Last weekend, I was at Global Game Jam 2015 up at the Uni. Thus far, this is my 7th(?) game jam, and second game jam as staff. This was also my first year where I was mostly in a solo team. My regular collaborators were not present and I didn’t make too much of an effort to join or enlist others to join my team. Later on, a student whose team had dropped out while he was at work joined in and created some cool looking ships (previously just triangles).
The theme for GGJ15 was “What do we do now?”. A broad theme which to me could easily be contextualised as “Here is a choice: choose” which is basically the essence of gameplay. Alternatively there is emphasising words (What do WE do now, What do we do NOW, etc.), but by the time I heard it, I had already come up with a concept based on the diversifiers.
The game I created is called VAST (GGJ link) and it is a space dogfighting game. Originally pitched as a space exploration game, the player controls a ship in procedurally generated space (e.g. asteroids, planets, pirates, etc). The player could then choose to play by fighting, robbing, or exploring areas of interest. However, being a timed event, I only basically got the fighting part done. But, the key ‘gimmick’ of the game was the use of the ‘Stephen Hawking’ diversifier: control is only via one key. Each ship is controlled with but a single key. Hold the key to fire left or right thruster alternatively, or tap to move forward. Simple! I also used the ‘Drop In’ diversifier which allows anyone to join in (by pressing a key).
The final product includes single-key ships, auto-firing ships (only when something is in range), breakable asteroids containing artifacts of power (more guns), AI-controlled pirates, and sweet sound effects.
Since its inception, I have participated in the Global Game Jam (GGJ) event held every January since 2009. The event entails making a themed video game in 48 hours. At the beginning of the event, participants are given an overarching theme to incorporate into the developed games, form into teams, then get developing!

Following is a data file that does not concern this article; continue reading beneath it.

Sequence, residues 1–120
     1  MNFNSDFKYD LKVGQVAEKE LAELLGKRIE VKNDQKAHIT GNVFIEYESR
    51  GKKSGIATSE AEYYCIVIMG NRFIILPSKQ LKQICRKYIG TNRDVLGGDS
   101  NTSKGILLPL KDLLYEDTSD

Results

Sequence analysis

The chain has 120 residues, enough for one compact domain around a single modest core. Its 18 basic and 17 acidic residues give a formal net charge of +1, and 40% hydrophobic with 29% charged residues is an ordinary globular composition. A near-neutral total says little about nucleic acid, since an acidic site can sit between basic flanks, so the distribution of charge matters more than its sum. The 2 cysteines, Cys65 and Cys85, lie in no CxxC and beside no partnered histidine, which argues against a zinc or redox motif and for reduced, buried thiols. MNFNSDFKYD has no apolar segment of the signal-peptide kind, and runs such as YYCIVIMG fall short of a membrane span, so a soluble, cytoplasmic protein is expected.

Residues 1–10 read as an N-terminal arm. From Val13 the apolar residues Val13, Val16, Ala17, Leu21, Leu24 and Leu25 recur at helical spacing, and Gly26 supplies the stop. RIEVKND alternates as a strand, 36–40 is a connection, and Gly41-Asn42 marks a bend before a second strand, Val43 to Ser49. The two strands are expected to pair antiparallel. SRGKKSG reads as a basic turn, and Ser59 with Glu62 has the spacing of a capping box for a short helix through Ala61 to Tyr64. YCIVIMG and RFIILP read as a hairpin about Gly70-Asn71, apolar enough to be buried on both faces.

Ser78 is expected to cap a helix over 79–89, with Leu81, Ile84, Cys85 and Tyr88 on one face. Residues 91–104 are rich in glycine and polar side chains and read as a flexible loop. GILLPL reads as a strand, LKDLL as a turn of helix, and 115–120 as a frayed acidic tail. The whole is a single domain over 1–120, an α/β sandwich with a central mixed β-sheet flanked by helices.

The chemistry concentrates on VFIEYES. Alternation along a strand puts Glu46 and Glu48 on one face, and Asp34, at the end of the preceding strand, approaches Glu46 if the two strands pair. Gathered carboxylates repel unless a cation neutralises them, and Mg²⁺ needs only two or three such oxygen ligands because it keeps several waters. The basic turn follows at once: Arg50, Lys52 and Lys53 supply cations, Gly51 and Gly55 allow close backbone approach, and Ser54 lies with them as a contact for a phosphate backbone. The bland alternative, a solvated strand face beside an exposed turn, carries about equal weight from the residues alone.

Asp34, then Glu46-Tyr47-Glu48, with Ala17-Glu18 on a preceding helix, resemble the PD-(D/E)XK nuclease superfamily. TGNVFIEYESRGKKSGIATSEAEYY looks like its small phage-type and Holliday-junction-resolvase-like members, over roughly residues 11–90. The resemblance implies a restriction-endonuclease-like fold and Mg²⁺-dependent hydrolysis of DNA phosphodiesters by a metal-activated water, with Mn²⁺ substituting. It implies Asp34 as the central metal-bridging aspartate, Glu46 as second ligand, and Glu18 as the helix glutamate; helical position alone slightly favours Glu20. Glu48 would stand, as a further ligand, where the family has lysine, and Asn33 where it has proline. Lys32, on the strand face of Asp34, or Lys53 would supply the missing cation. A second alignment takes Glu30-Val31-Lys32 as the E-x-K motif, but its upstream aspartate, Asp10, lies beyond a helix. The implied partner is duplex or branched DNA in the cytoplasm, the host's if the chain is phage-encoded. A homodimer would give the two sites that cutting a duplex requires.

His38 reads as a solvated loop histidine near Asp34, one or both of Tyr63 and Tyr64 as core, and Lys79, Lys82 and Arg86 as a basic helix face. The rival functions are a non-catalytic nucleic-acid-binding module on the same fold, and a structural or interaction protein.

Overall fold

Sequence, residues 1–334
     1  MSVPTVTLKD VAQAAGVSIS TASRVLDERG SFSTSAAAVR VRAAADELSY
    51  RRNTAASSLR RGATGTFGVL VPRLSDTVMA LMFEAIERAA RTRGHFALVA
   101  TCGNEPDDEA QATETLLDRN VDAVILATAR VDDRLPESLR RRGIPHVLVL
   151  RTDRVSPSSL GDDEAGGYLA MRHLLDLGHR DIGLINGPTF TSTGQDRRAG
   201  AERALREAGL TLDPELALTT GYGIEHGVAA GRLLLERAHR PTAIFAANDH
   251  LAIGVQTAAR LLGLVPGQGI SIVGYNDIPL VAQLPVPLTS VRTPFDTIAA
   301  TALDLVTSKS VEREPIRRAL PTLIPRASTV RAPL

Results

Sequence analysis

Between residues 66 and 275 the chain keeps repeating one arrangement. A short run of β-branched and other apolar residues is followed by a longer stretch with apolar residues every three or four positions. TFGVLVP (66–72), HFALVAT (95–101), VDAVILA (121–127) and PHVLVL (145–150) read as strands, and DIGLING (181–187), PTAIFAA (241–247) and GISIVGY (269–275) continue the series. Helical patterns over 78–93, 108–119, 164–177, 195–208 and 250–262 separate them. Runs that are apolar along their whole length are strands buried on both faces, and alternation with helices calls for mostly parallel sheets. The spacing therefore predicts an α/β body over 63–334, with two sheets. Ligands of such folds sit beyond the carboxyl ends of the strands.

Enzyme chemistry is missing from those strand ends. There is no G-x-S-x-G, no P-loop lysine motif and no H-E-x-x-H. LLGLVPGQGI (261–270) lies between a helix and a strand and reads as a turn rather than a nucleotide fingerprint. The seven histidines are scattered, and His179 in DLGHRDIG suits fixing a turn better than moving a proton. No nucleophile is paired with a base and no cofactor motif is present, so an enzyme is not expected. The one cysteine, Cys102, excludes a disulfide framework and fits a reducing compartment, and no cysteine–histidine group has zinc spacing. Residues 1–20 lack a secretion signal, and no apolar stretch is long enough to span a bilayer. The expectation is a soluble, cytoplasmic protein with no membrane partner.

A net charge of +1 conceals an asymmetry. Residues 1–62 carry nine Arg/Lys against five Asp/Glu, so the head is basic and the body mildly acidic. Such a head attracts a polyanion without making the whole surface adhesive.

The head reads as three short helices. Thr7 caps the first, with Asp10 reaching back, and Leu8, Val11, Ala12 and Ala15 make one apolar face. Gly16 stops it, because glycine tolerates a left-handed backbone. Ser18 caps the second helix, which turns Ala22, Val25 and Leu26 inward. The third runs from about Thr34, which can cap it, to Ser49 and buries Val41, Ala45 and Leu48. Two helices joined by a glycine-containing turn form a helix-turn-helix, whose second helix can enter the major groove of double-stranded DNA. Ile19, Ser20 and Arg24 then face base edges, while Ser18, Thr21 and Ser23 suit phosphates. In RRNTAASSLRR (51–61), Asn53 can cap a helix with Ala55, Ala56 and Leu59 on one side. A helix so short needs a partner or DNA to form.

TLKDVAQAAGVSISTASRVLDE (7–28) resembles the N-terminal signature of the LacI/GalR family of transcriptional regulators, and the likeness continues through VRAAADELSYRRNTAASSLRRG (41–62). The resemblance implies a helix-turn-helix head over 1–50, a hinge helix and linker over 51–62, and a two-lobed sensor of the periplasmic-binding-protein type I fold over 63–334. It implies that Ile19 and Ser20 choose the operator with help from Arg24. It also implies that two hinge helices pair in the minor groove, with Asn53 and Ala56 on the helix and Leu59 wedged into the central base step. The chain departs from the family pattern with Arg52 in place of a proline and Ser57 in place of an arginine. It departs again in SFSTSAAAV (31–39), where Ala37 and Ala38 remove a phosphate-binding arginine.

I have participated in four GGJs so far, but the third one did not result in a working game (unfortunately I had to leave early).
The game developed for GGJ 2009 was Canyon Chums, a 2-player cooperative game where the goal is to escape a slowly closing icy canyon. The theme was something like cooperation.
Swimming Snake was the game developed for GGJ 2010, where the game is a somewhat arcadey-style game of eating fish and avoiding puffer fish. The problem is, all fish look the same until they get close, which is when puffer fish expand. The theme for this year was deception.
The game partially developed for GGJ 2011 was a 3D Tower Defense game (think Plants vs Zombies in 3D), which involved defending the last known tree on an island from encroaching creatures.
Cosmic Hamster Wheel was the game developed for GGJ 2012. The theme this year was simply an image of Ouroboros (the cyclical snake eating its own tail), so this game involves running around a circular environment, gathering fruit and avoiding explosive robots on balloons (it doesn’t really make sense, but hey!). The game turned out quite pretty, but I was dissatisfied with how it played compared to previous year’s efforts.
On 24 June 2011, Dacre and myself were contracted to develop a couple of Flash games for Asthma Waikato. They requested a colouring game and one other game (an arcade fish jumping game). The games were required to have an educational message (but not an in-your-face message), yet still be engaging enough for kids 5-9 years old to play. Although the colouring game is basically just colouring in, the jumping game emphasises asthma management, eating healthy, and avoiding triggers.
Over the course of a month, we developed the two games which are now available to play here.